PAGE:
Managers’ Resources for Authentic Leadership – a Multi‐study Exploration of Positive Psychological Capacities and Ethical Organizational Climates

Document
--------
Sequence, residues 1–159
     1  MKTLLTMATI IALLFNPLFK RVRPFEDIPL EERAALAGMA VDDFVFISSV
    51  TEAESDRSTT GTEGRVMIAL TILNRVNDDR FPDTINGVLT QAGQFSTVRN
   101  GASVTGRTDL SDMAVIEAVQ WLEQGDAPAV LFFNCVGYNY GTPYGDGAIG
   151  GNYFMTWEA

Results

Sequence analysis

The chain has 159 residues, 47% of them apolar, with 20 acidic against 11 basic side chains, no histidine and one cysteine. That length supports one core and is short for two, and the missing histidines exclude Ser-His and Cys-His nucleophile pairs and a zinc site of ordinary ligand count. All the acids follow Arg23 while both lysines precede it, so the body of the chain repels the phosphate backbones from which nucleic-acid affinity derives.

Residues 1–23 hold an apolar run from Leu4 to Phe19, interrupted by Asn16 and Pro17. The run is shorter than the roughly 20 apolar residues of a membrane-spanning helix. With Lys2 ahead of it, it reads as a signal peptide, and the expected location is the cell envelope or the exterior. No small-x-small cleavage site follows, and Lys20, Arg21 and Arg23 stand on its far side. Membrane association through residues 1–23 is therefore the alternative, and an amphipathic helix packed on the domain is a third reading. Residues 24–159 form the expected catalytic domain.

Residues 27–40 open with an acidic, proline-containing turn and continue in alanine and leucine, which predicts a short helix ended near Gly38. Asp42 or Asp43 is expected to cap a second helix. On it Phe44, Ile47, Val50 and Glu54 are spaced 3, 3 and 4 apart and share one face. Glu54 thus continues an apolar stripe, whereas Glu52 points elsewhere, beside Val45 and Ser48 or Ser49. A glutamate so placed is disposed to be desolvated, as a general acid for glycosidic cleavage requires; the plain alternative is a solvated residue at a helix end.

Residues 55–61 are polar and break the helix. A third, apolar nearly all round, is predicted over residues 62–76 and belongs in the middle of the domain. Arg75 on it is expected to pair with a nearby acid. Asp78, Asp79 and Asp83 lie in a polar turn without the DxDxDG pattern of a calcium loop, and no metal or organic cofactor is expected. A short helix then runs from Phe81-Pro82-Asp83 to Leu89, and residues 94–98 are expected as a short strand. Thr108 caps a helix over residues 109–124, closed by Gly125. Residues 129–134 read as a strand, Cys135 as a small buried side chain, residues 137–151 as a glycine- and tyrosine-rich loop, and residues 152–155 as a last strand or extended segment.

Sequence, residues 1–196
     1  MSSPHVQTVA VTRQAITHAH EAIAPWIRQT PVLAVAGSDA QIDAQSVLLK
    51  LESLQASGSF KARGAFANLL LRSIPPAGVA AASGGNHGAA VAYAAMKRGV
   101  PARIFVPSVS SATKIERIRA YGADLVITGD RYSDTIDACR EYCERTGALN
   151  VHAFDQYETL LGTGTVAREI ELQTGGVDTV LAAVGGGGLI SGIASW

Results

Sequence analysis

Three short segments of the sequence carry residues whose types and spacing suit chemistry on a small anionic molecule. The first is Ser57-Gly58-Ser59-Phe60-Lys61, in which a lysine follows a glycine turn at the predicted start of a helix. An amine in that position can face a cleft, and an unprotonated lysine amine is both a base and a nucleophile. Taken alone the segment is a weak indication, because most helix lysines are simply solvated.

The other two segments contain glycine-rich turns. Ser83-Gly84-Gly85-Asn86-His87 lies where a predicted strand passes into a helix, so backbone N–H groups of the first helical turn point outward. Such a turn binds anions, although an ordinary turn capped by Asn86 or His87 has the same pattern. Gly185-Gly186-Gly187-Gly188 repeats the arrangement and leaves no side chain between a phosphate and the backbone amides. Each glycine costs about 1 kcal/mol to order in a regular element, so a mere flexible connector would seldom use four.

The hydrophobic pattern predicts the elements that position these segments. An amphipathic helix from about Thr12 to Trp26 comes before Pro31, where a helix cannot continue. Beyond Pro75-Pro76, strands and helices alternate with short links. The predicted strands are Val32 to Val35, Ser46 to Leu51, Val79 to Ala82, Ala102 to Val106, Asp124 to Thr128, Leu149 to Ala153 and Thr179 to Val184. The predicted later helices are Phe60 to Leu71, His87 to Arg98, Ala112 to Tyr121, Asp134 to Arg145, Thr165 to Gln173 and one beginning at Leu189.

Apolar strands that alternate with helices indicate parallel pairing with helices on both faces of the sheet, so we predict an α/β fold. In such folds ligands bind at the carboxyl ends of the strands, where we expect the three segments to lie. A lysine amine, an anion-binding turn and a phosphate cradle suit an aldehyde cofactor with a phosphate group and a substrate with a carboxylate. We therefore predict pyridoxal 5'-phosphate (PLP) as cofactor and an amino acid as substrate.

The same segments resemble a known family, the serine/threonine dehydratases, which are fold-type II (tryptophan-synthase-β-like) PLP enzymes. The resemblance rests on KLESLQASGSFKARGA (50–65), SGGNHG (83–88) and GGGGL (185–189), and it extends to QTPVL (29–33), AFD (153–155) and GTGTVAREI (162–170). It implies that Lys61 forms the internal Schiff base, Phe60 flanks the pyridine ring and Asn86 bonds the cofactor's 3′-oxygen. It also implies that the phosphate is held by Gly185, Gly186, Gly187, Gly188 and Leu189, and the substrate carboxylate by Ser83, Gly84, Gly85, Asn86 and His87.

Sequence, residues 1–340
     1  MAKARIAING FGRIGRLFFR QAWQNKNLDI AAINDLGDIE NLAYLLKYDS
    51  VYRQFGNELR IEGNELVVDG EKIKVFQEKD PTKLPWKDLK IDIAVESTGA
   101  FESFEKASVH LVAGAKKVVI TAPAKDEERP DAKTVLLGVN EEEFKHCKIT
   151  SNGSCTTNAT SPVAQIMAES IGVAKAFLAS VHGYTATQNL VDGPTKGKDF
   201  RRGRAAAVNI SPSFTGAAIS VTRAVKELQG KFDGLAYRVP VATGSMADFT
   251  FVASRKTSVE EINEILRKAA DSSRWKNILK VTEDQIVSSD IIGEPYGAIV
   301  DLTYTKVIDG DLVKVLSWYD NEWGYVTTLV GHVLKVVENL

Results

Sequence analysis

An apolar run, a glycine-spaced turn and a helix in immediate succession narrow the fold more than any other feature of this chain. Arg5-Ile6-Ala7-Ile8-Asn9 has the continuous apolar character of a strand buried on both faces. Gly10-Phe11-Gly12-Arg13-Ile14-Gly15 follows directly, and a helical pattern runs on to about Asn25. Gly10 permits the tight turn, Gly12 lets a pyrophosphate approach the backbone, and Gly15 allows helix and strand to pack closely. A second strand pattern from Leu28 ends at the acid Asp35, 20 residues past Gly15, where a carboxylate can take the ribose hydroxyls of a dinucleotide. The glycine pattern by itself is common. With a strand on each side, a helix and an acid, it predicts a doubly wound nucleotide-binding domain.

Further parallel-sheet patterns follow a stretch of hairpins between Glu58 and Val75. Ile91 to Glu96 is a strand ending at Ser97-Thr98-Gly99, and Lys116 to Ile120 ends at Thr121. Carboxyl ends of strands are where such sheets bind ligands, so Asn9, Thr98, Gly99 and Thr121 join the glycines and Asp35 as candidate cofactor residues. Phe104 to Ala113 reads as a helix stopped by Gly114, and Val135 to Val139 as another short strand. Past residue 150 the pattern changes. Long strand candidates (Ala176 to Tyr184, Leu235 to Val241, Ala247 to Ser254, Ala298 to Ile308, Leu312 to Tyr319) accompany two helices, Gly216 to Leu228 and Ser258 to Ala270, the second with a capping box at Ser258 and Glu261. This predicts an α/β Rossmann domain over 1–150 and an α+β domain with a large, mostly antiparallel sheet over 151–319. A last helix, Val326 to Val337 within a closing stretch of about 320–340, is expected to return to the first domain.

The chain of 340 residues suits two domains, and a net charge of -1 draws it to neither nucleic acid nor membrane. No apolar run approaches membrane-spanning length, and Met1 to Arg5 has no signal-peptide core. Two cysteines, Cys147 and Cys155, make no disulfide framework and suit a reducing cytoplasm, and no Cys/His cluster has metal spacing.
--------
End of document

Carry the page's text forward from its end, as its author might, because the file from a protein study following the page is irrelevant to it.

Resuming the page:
While authentic leadership is highly valued in today’s business world, managers do not necessarily have the resources to attain it. Building on conservation of resources theory, we propose a conceptual model to address how personal and contextual resources predict authentic leadership. Study 1 analyzes the day-to-day variability in managers’ positive psychological capacities as personal resources in relation to changes in authentic leadership. In addition, it tests ethical organizational climates as stable, contextual resources for authentic leadership. In Study 2, we replicate our results on the between-person level and extend the research model by exploring promotion focus as a link in the relationship between personal resources and authentic leadership. Evidence from an experience sampling study with 89 managers surveyed daily on 10 consecutive work days (Study 1) and a field survey of 130 managers at two points in time (Study 2) supports the hypothesized role of personal resources and promotion focus for authentic leadership. In both studies, only principled but not benevolent ethical organizational climates emerged as a contextual resource for authentic leadership. We discuss the implications for current management research and practice.